Given how important it is for Pakistan to sue for peace at this juncture, the amateurish manner in which Shehbaz Sharif’s latest attempt has been botched has dealt a veritable blow to any prospects for peace that may have existed, and it has also drawn ridicule from Pakistan’s political opposition. A clarification on Shehbaz’s Al Arabiya interview issued by the Pakistani Prime Minister’s Office on 17 January stressed that the reversal of India’s “illegal actions” in Jammu & Kashmir (J&K) was a non-negotiable precondition for talks. Referring to the interview, a spokesperson for the Pakistani Prime Minister’s Office tweeted that “the Prime Minister has repeatedly stated on record that talks can only take place after India has reversed its illegal action of August 5, 2019. Without India’s revocation of this step, negotiations are not possible”. It was on 5 August 2019 that Article 370 of India’s Constitution which gave ‘special status’ to the erstwhile State of Jammu and Kashmir was scrapped by India. Pakistan’s Home Minister Rana Sanaullah also weighed in soon after, saying the main prerequisite for negotiations with India was “the revocation of its illegal step on August 5, 2019, which stripped the (Kashmir) Valley of its legitimate status”.

Without getting into the merits, or otherwise, of India’s August 5, 2019 decision, one thing that Shehbaz Sharif and his office were both well aware of, as indeed was the country’s military establishment, was that the current Indian dispensation had repeatedly stressed both publicly and during back-channel negotiations that New Delhi will not revoke its August 2019 actions in J&K, and that the maximum it would be willing to consider in this context would be a restoration of J&K’s statehood. The question then arises – what exactly did Shehbaz Sharif aim to achieve when he suggested peace talks and even solicited the time and precious goodwill of a well wisher, the UAE President, when he knew full well that his post-interview pre-condition would render the entire exercise a non-starter for India? Or was it that the complexity of the hybrid power structure that had evolved in Pakistan, and the internal divisions within the political class, and more significantly within the military establishment, had reached such proportions that agreeing upon anything as substantial as holding peace talks with India was proving to be a bridge too far?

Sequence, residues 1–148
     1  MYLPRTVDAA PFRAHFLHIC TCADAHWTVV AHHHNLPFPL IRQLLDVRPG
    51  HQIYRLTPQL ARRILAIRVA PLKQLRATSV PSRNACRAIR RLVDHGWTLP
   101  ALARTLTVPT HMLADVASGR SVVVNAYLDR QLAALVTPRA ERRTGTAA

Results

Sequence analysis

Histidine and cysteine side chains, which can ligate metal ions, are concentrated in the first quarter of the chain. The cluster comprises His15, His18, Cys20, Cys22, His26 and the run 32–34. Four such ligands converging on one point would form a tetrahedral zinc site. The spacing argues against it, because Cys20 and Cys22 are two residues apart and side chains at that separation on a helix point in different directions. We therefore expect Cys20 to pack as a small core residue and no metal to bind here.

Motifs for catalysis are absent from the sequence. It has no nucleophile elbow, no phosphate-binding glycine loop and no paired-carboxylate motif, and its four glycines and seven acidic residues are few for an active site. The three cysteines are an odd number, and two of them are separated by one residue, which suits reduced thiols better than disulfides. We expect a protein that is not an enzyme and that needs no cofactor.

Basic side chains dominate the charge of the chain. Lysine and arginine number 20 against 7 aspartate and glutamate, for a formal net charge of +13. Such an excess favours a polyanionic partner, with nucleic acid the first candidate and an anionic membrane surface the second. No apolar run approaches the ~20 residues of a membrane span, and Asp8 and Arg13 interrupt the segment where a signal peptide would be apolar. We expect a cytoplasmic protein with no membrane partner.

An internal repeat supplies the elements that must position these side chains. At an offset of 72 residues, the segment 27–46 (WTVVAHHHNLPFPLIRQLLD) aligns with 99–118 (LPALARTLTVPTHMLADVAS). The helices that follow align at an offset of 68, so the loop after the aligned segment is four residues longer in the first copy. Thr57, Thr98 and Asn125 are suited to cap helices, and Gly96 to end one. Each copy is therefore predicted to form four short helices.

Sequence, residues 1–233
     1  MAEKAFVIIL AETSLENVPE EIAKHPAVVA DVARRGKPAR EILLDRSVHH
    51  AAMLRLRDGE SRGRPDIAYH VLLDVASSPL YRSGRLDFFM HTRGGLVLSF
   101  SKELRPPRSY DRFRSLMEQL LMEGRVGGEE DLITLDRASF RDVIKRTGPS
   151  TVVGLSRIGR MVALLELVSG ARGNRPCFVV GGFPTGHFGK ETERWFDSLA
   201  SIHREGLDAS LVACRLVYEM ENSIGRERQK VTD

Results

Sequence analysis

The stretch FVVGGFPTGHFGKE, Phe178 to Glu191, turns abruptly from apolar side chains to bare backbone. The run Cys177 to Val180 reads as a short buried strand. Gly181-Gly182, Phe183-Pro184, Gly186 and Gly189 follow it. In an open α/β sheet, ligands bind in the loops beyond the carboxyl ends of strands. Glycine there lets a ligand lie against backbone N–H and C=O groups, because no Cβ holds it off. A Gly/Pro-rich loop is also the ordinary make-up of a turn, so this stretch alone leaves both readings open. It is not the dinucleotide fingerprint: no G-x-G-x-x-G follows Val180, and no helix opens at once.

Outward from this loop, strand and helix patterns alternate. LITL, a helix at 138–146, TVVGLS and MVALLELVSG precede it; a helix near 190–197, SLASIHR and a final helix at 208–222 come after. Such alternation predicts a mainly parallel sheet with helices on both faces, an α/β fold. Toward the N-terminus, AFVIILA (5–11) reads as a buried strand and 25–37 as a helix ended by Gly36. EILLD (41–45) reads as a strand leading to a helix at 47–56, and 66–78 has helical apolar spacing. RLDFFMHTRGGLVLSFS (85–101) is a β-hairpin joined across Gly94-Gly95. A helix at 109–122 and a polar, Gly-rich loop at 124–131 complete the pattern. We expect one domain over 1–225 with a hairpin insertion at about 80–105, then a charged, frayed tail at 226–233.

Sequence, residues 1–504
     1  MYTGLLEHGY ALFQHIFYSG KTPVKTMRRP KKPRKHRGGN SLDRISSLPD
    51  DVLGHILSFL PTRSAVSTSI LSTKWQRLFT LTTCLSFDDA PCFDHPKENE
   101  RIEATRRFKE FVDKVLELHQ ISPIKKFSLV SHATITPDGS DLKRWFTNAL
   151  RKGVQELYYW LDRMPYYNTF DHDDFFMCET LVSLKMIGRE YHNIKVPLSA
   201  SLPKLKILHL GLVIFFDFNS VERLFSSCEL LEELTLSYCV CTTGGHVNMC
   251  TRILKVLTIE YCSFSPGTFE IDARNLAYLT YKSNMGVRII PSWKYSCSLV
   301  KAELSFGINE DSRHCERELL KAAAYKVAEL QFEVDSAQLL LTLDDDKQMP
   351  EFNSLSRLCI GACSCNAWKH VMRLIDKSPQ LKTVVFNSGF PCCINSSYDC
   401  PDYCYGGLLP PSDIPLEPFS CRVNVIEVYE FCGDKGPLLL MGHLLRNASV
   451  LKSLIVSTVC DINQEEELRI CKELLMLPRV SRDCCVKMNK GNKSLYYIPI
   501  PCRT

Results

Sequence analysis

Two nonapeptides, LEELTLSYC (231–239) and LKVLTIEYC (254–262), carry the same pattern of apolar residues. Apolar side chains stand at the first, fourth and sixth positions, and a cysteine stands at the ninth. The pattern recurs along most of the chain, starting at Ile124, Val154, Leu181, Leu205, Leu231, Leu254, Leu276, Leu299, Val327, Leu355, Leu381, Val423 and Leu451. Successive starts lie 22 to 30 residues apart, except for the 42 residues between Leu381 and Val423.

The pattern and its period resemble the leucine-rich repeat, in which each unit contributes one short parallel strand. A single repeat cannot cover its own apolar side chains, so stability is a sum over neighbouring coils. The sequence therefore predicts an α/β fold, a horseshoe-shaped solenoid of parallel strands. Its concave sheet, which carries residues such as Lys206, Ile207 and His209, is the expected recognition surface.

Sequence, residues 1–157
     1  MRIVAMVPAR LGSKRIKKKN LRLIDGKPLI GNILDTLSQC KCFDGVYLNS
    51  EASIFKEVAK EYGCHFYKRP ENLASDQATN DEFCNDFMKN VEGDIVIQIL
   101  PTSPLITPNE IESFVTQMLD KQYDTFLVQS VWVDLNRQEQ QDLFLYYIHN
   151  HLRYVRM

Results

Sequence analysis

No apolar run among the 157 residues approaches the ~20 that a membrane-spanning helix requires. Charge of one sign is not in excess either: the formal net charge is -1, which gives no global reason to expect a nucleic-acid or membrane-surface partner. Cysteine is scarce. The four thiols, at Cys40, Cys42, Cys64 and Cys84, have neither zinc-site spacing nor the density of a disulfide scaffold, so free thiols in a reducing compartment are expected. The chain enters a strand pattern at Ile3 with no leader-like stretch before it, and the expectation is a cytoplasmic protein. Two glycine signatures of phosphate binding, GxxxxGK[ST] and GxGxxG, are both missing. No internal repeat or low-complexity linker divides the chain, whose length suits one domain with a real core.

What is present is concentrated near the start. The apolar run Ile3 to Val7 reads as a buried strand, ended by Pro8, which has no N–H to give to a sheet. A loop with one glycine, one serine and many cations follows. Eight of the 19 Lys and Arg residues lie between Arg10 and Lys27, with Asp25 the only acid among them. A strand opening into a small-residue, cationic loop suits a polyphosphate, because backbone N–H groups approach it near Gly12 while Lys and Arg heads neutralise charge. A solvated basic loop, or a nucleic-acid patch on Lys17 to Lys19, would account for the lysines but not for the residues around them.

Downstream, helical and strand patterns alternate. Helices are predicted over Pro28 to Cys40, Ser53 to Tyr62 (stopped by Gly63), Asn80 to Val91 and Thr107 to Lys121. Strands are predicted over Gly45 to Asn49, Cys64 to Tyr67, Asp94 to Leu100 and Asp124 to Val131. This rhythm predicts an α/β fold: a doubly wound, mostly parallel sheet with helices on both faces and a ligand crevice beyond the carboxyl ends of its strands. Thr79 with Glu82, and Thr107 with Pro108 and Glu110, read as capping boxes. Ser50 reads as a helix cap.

Pakistan’s political opposition, unsurprisingly, latched on to Sharif’s sloppy and inexplicable methods and statements, and was unsparing in its ridicule. Shireen Mazari, the former Human Rights Minister in Imran Khan’s Pakistan Tehreek-e-Insaf (PTI) government, tweeted, “The joker we have for Imported PM should really stop blabbering on issues where he lacks clarity of thought & merely undermines Pak. Here he goes begging India for talks saying Pak has ‘learnt its lesson’. An absurd statement coming from the head of govt”.